Study and practice of good writing; topics derived from reading and discussing stories, poems, essays, and plays. Cannot be taken if student has already received a grade of 2.0 or higher in either ENGL 111, ENGL 121, or ENGL 131.
English 111 is a writing course that is designed to introduce you to academic argumentation. Because this course mainly focuses on claim-based argumentation, students should come to class with some basic writing skills and mechanics and certain knowledge of grammar that will produce complete sentences and organize paragraphs on a logical basis. In class, students will learn how to invoke a critical conversation, how to generate a defendable claim, how to expand an argument with sufficient and relevant evidence from different sources, how to target a specific audience, and how to combine close reading practice with argumentative exercise. As the course title suggests, the students will engage in a number of sequential writing practices that will help build toward your own literary criticism of the novels we are about to read for this course.
Similar to 131, 111 will still require students to practice rhetorical reading and analysis of literary works and criticism. Every writing assignment has to fulfill a certain number of expository writing outcomes. Different from ENGL 131, as the title suggests, ENGL 111 will utilize literature as the subject matter of writing practice. It confines the students’ writing to be the novels and relevant research essays; the writing should be text-oriented instead of personal-experience-focused.
Readings include a film and two novels— Beloved by Toni Morrison and Native Speaker by Chang-rae Lee. One film and several movie clips will be shown for the writing and reading purpose respectively. Research is mandatory and will be included in writing assignments throughout the course.
Student learning goals
To demonstrate an awareness of the strategies that writers use in different writing contexts.
To read, analyze, and synthesize complex texts and incorporate multiple kinds of evidence purposefully in order to generate and support writing.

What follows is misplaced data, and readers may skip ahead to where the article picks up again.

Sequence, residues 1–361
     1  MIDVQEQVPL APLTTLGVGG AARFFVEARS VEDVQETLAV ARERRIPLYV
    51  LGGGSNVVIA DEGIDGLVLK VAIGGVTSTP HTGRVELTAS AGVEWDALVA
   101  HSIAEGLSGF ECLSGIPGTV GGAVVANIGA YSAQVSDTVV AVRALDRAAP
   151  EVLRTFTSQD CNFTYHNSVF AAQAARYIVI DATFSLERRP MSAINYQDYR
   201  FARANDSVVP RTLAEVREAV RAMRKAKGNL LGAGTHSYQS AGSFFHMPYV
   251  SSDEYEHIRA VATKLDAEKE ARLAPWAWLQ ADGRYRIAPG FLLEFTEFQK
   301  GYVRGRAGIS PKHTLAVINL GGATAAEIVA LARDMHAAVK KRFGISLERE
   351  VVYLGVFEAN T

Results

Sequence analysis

To produce complex, analytic, persuasive arguments that matter in academic contexts.
To develop flexible strategies for revising, editing, and proofreading writing
General method of instruction
Class assignments and grading
As a “W” or writing class, this course will require students to devote effort to writing. Four 2~3-page double-spaced short papers and two 5-page major papers should be completed and revised during the course. Students will get feedback from peer review sessions and the instructor. The writing assignments will be additionally comprised of frequent free writing in class.
Final portfolio and Cover Letter: 70%;
Participation--conferences, presentations, free writings, and peer review workshops: 30%
The papers will be evaluated using the following rubrics. Outstanding (3.5-4.0): Offers a very highly proficient, even memorable demonstration of the trait(s) associated with the course outcome(s), including some appropriate risk-taking and/or creativity. Strong (2.8-3.4): Offers a proficient demonstration of the trait(s) associated with the course outcome(s), which could be further enhanced with revision. Good (2.1-2.7): Effectively demonstrates the trait(s) associate with the course outcome(s), but less proficiently; could use revision to demonstrate more skillful and nuanced command of trait(s). Acceptable (1.0-2.0): Minimally meets the basic outcome(s) requirement, but the demonstrated trait(s) are not fully realized or well-controlled and would benefit from significant revision. Inadequate (0-0.9): Does not meet the outcome(s) requirement; the trait(s) are not adequately demonstrated and require substantial revision on multiple levels.